The Dead Sea is a hypersaline terminal lake located in the Dead Sea Rift Valley, with its surface water at -418 m below mean sea level. The Dead Sea water is dense, with 28% dissolved solids - one of the highest natural average salinities on Earth. It has a unique composition of minerals, with KCl being the major component in comparison to NaCl in the oceans. An intense exploitation of water resources as well as salt extraction by the chemical plants located in the southern Dead Sea, have severely disrupted the water balance of the lake.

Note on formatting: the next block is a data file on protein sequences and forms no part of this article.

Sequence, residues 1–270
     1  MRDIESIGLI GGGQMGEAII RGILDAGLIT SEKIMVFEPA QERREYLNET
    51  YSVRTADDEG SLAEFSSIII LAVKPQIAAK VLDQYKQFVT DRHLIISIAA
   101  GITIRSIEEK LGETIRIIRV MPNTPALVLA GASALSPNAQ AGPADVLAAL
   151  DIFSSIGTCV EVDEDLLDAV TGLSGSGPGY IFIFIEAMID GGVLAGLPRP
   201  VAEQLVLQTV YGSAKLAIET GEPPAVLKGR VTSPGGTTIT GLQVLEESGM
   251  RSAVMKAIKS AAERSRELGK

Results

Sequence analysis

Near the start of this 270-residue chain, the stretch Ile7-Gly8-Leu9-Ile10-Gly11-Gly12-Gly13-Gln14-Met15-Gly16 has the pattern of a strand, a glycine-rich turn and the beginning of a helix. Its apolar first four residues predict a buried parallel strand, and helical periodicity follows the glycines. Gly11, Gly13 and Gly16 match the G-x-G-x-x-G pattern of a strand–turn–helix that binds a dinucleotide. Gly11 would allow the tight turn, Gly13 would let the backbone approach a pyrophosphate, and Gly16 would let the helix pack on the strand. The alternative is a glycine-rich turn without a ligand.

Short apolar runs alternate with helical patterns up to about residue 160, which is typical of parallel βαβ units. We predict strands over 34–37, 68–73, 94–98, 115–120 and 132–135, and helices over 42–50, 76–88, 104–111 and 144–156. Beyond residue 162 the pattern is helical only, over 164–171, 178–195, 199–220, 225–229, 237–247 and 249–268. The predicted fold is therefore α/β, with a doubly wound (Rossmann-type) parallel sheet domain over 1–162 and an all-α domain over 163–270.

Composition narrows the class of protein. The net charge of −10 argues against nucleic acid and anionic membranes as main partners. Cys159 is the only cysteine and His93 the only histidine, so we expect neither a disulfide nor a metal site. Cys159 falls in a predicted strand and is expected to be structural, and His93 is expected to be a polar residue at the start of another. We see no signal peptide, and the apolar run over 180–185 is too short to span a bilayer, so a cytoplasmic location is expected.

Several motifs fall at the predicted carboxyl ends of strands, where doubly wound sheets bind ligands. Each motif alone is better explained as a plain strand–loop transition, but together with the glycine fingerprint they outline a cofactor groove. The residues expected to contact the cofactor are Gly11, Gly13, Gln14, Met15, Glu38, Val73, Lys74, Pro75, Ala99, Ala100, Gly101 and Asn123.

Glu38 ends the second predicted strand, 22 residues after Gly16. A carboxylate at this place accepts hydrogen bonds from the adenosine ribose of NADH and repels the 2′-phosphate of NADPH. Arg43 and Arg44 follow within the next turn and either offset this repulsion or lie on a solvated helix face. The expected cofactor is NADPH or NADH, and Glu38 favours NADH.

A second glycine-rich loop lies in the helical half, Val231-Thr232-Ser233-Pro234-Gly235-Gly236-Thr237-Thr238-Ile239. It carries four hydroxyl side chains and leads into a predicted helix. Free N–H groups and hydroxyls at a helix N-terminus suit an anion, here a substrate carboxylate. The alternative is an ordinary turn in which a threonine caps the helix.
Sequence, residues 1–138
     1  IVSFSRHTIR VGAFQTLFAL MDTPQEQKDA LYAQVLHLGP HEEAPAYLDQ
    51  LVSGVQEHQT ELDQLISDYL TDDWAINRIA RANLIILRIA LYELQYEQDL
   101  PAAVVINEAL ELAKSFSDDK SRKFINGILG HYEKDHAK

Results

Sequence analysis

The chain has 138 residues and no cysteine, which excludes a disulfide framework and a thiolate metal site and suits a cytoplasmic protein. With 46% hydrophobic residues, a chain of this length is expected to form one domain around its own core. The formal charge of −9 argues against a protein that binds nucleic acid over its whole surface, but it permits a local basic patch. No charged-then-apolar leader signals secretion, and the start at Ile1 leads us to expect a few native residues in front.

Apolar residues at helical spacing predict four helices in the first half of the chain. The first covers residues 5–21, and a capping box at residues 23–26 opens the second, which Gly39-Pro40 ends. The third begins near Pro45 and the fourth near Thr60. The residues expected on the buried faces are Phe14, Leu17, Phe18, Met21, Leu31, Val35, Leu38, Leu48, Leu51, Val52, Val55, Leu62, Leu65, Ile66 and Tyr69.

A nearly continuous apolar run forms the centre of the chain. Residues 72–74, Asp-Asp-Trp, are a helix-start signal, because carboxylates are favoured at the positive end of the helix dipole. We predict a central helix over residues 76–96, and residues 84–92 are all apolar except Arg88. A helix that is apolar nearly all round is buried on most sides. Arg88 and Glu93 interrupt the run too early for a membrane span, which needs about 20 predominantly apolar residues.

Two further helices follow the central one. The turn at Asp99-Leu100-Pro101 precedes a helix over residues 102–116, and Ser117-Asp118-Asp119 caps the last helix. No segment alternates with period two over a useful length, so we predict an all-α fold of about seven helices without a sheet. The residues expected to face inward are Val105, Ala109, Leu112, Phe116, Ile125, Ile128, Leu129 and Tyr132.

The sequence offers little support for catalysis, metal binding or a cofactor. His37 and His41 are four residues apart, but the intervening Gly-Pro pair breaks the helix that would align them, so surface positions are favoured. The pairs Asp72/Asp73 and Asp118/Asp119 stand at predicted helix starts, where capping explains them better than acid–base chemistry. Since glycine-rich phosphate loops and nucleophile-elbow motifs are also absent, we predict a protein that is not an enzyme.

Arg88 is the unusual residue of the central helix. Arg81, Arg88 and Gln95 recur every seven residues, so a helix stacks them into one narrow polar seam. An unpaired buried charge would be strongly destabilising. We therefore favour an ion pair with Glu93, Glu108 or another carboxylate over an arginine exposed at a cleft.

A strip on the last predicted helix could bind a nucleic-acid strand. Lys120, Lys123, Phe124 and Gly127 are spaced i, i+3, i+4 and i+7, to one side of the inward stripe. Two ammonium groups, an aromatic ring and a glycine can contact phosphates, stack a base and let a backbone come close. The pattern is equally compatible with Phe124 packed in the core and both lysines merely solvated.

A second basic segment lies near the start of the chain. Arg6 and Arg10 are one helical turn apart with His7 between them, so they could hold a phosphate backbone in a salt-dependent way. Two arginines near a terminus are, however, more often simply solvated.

Because of its hyper-salinity, the lake is lacking phytoplankton, which allows us to use the Dead Sea waters as a natural optical laboratory for study of influence of such parameters as salinity, dissolved organic matter (DOM) and total suspended matter (TSM) on optical properties of natural waters. Optical observations in the Dead Sea were carried in 1980-1986 (spectrally-averaged near-surface downwelling irradiance) and in April 2004 (spectral volume scattering function, absorption and attenuation coefficients within the water column and above-water upwelling radiance). We analyze IOPs measured within the lake for the contribution by different size and functional contributors; DOM contribute significantly to the total absorption (54.1±5.6% at 440 nm). In addition we assess their contribution to remotely sensed reflectance. Inverse models are applied to retrieve information on the particles composition and size distribution.Sokoletsky, L., E. Boss, and H. Gildor, 2006. The Interplay Between Optical and Physical Properties in the Dead Sea. Ocean Optics Conference 2006, Montreal, Quebec.